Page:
Monday 28 February 2011
Sunday 20 February 2011
A phone call from Jonathan my first flatmate in Wellington with the promise of a visit prompted a chat about related old friends in our early days in Wellington...which randomly led onto George Rose and Rebecca Hardie-Boys...originally from Mike's hometown Nelson who makes Organic Ginger Beer in New Zealand. A quick google and here we are on the roll of making our own Ginger Beer. I say a roll as it needs feeding daily [like the cat!] and you have to bottle weekly...a bit of a commitment!
It was Amelia's 15th birthday on Friday and it coincided with the first tasting. The bottle opened with an explosive 'POP' not dissimilar to the local drop we are more familiar with. And on the first sampling ...not too spicy and not too sweet...it was actually very good! All of the girls asked for seconds so we must be doing something right...and if nothing else it has been a bit of fun, a good science lesson in the production of gas from the yeast and sugar 'ginger beer bug'. The NZ company Phoenix Organics provides a 'How to make Ginger Beer' PDF as a resource for schools...a good home education kit too...the link is below, scroll down to the Ginger Beer section for the download.
Ginger Beer with Rebecca Hardieboys of Hardieboys Beverages.
Recipe for Ginger Beer Bug from Tony Simpson's book, "A Distant Feast"
10gm fresh yeast or 5gm dried beer or bread yeast
2 tsp ground ginger
2 tsp sugar
To make the bug:
Mix these ingredients together and leave for 24 hours, then 'feed' daily for 7 days with 1 teaspoon of ground ginger and 1 teaspoon of sugar.
Strain and reserve both the solid and the liquid. If you want to keep the bug going for further brews, halve the solid, add the 400 mls of water and start again.
Keep bug loosely covered in a warm light place.
To make the ginger beer:
strained liquid from bug
3 litres cold water
juice of 2 lemons
1 litre boiling water
1 tbsp finely grated fresh ginger (optional)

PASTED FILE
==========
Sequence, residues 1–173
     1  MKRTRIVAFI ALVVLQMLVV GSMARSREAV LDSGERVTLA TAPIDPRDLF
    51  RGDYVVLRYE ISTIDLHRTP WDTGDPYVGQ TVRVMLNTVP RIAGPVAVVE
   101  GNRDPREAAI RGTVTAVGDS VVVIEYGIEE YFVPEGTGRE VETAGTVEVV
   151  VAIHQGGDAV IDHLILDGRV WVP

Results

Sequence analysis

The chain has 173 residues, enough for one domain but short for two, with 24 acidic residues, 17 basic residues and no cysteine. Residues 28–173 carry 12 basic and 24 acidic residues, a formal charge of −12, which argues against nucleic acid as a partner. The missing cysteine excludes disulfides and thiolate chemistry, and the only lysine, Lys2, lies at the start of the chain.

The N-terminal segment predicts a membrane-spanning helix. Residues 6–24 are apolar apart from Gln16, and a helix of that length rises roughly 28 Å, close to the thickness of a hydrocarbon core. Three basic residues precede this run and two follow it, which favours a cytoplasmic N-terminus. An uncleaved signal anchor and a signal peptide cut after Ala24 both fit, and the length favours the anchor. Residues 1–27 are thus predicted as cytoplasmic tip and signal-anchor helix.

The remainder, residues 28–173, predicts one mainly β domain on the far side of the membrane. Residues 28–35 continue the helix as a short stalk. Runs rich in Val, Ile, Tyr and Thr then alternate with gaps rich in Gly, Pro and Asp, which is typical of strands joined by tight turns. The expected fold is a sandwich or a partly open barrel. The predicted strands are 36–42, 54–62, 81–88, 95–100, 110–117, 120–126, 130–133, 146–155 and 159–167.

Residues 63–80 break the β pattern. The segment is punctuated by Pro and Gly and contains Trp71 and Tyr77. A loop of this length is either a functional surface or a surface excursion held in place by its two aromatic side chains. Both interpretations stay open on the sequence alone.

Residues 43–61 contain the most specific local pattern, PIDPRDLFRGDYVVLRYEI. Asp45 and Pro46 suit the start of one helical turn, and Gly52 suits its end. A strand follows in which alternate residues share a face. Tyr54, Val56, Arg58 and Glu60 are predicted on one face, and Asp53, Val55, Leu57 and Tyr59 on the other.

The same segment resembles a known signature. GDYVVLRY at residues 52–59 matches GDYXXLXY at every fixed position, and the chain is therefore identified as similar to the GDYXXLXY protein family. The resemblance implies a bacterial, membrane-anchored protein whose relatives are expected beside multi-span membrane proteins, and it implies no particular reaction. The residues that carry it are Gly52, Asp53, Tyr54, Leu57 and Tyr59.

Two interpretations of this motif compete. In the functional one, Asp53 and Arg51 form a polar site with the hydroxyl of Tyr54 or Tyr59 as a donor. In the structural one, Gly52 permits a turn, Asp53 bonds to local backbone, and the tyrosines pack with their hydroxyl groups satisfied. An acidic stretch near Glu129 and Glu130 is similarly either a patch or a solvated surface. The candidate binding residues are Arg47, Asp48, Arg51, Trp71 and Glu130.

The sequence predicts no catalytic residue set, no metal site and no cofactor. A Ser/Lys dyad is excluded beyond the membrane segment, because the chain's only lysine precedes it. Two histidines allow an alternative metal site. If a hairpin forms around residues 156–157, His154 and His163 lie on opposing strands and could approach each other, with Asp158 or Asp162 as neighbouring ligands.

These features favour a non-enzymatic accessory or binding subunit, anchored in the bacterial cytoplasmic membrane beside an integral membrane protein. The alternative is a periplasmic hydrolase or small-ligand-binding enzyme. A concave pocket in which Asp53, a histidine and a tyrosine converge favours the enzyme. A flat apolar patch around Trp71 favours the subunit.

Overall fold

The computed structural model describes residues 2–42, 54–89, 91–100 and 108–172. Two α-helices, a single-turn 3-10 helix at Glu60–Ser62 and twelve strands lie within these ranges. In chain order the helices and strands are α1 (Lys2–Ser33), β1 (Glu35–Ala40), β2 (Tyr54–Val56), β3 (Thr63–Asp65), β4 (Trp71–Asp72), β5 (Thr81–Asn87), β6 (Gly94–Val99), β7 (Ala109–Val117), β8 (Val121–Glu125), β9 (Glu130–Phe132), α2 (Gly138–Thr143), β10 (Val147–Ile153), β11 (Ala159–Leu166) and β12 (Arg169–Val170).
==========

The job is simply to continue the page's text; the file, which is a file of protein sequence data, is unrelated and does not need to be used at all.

Mix the strained liquid with 3 litres of cold water and add lemon juice. Dissolve sugar in boiling water and add to brew. For extra zing, add grated fresh ginger. Bottle the gingerbeer and keep for at least a week before using. It will get fizzier with age so take care opening it. Store in fridge when ready to drink..
NOTE: Beer yeast is available from home brewing stores. Don't use bread yeasts with added dough improvers.
In the summer it will be a good non-alcoholic organic thirst quencher for young and old and may stir a few memories for those of us that grew up with home brewed Ginger Beer in the garden shed and got their kicks out of the excitment and danger of opening a bottle left a little too long...how times have changed!
Posted by Glenis at 06:37
Thursday 17 February 2011
The irrepressible Madam Paris popped over today with a crumpled plastic bag from which she carefully produced a perfect white and pale green endive...a treasure from her winter garden...she paused momentarily rattling off a list of options on how we should consume these wee gems. She then departed wrapping her gorgeous cream shawl around her shoulders and shuffling back across the courtyard to an awaiting Dora, her loyal, if not rather huge and often too loud, German Shepherd. She suggested we eat the endive sliced raw with vinaigrette or with crumpled Roquefort cheese, walnuts and apple as a salad or wrapped in jambon under a bechamel sauce baked in the oven till golden and bubbly. I have tried this last suggestion before and, as it is still a little chilly this afternoon, the idea appeals as a nice winter warmer.
We often have our day broken with visits from Madam Paris but they are never without purpose. She will always have a gift in hand or maybe a newspaper article she thinks holds vital information that we must not miss out on or she will carry with her some news of the village...a church meeting, social event or report of a burglary in the area...she has become affectionately known to us all as 'dot.com' because she always knows whats going on when. Who needs the internet!
I am ever grateful for her bunches of fragrant purple lilac in early spring, dahlia's and rhubarb in summer, gorgeous pumpkins, onions and potatoes in autumn. She never brings things we have in our garden and the timing is always perfect...inspiring a new recipe, a discovery of a new French word like 'topinambour' for 'Jerusalem artichoke', or just the sheer delight in something so fresh and home grown to cook with for family or guests. I always stop and pass the day...sometimes she will come and warm herself by the fire or sit in the sun chatting to the girls...she never overstays her welcome and we have given up trying to give her tea or coffee.
Posted by Glenis at 10:16
Monday 7 February 2011
While I am sitting writing this the ducks and geese and chicken at Madam Paris' are going ballistic about something, of which I shall never know. The Village Mayor has also dropped in for a visit with a guy from Lyonnaise de l'Eau about the beloved 'fosse septic'....our septic tank! They are trying to get all of the tanks to conform to standard so are diagnosing them all, at a cost of €80 per household, and so samples were all taken, paperwrk filled and we now await the findings...if we need a new tank it will mean digging up most of our back garden to put in the soak pit...great! Another day in rural France...